Goodyear Ranger Blimp at BAP, 1947

The four sizes in proportionate scale of the Goodyear blimp for the U.S. Navy.

Goodyear built the first “Ranger I” blimp, NC-10A, in 1940 as an upgrade to the previous advertising blimps, but it soon became a part of a fleet of airships for the U.S. Navy’s L-Class airship division, used during World War II. The Ranger measures 150 feet in length, is 51 feet high while resting on its landing wheel, and holds 123,000 cubic feet of helium. Two 145 hp Warner Scarab engines mounted on outriggers, one on each side of the 22-foot long car, provide a top speed of 62 mph. The blimp has a 600-mile range at a cruising speed of 50 mph. A preferred altitude is between two and three thousand feet, but blimps have a service ceiling limit of 10,000 ft.

The Ranger I’s first test flight was on August 13, 1940, and the U.S. Navy received delivery on February 1, 1941, reclassified as the U.S. Navy L-2. Unfortunately, this blimp is destroyed in a mid-air collision in 1942.

As U.S. Navy blimp L-2, the ship collided with Navy blimp G-1 (formerly Defender) on June 8, 1942 during night operations near Manasquan Inlet, New Jersey. Both blimps were destroyed.

During World War II, Goodyear ceased the operations of all advertising blimps.

The Goodyear Ranger II (NC-1A) blimp docked to it's mobile station at Buffalo Airpark on June 13, 1947.
The Goodyear Ranger II (NC-1A) at Buffalo Airpark, June 13, 1947.

Goodyear built two other versions of the Ranger series blimps, the Ranger II (NC-1A) and the Ranger III (N1A). After World War II, the first flight of the declassified U.S. Navy L-18, now know as the Ranger II (NC-1A) is on May 28, 1946.

The Goodyear Ranger II (NC-1A) blimp docked to it's mobile station on June 13, 1947 at Buffalo Airpark. The Quonset hangar and operations building is seen in the background.
If you look closely, you can see the Quonset hangar in the background towards the picture center. The single-story Operations building is on the left.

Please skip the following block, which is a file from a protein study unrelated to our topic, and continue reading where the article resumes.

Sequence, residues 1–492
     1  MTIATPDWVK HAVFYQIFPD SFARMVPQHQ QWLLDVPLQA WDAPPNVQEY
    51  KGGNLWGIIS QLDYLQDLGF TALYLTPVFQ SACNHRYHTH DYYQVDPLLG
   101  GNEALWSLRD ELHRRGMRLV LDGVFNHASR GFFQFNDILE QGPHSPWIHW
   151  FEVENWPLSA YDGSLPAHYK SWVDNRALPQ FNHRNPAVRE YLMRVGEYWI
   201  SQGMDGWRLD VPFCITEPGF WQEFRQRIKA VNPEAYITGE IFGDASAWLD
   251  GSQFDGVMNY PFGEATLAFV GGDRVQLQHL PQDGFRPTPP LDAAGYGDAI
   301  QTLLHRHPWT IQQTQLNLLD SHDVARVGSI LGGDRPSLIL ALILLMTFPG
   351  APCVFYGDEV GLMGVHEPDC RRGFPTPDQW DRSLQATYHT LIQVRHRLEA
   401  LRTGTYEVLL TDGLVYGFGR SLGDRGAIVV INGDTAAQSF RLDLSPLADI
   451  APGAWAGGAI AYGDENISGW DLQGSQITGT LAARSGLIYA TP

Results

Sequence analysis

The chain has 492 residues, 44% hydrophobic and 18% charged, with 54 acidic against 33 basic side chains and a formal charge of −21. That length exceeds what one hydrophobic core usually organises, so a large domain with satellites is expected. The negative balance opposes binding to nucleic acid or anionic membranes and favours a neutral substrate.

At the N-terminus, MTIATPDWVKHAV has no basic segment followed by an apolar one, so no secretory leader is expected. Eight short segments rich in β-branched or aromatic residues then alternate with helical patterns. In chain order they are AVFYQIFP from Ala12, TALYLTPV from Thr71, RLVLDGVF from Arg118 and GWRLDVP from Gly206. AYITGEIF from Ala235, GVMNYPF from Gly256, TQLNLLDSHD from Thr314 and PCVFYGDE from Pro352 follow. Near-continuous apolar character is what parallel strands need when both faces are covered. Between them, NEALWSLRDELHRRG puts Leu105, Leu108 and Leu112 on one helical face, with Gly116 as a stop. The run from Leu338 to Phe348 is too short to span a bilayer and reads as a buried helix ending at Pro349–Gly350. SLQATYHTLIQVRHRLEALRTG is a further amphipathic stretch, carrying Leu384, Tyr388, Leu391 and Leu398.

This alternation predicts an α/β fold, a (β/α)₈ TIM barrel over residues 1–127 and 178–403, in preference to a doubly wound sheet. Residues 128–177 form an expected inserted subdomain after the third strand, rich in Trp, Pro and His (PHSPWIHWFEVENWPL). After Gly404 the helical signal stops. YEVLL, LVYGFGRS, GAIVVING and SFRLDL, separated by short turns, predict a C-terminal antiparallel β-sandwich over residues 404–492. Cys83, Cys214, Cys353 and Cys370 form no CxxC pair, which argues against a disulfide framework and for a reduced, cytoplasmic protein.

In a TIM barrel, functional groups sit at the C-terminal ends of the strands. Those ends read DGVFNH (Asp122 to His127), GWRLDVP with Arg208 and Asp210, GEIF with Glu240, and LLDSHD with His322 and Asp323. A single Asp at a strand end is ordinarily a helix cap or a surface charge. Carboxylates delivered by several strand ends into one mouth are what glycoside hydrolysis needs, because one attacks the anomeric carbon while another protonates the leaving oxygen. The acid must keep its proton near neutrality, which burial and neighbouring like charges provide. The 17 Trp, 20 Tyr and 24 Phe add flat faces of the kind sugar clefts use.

The Goodyear Ranger II (NC-1A) blimp docked to it's mobile station in a field on the property of Buffalo Airpark on June 13, 1947.
Goodyear set up their mobile station in the grassy field North of the Operations building next to the taxiway. You can see the concrete pad from Tony’s first hangar in the right foreground.
The Goodyear Ranger II (NC-1A) blimp being controlled by a group of unknown people at Buffalo Airpark on June 13, 1947. Tony Riccio and his wife Maxine can be seen under the blimp to the left of the cabin car.
Tony is seen on the far left standing under the blimp and looking up while his wife Maxine looks towards the camera, third from the left. (Notice the neon light panels under the Goodyear logo.)

Tony Riccio shaking the Goodyear blimp's pilot's hand with one unknown person standing next to the staircase. Two unknown people are inside the blimp's cabin car.
Tony, on the left, shaking hands with the Goodyear airship pilot, June 13, 1947.
The back side of the above photo dating the picture to June 13, 1947.
Back side of the above photo.

The cover of Goodyear's booklet "Airships Over America".

Click the “Download” button to access this booklet and please feel free to save a copy for yourself, print, or share!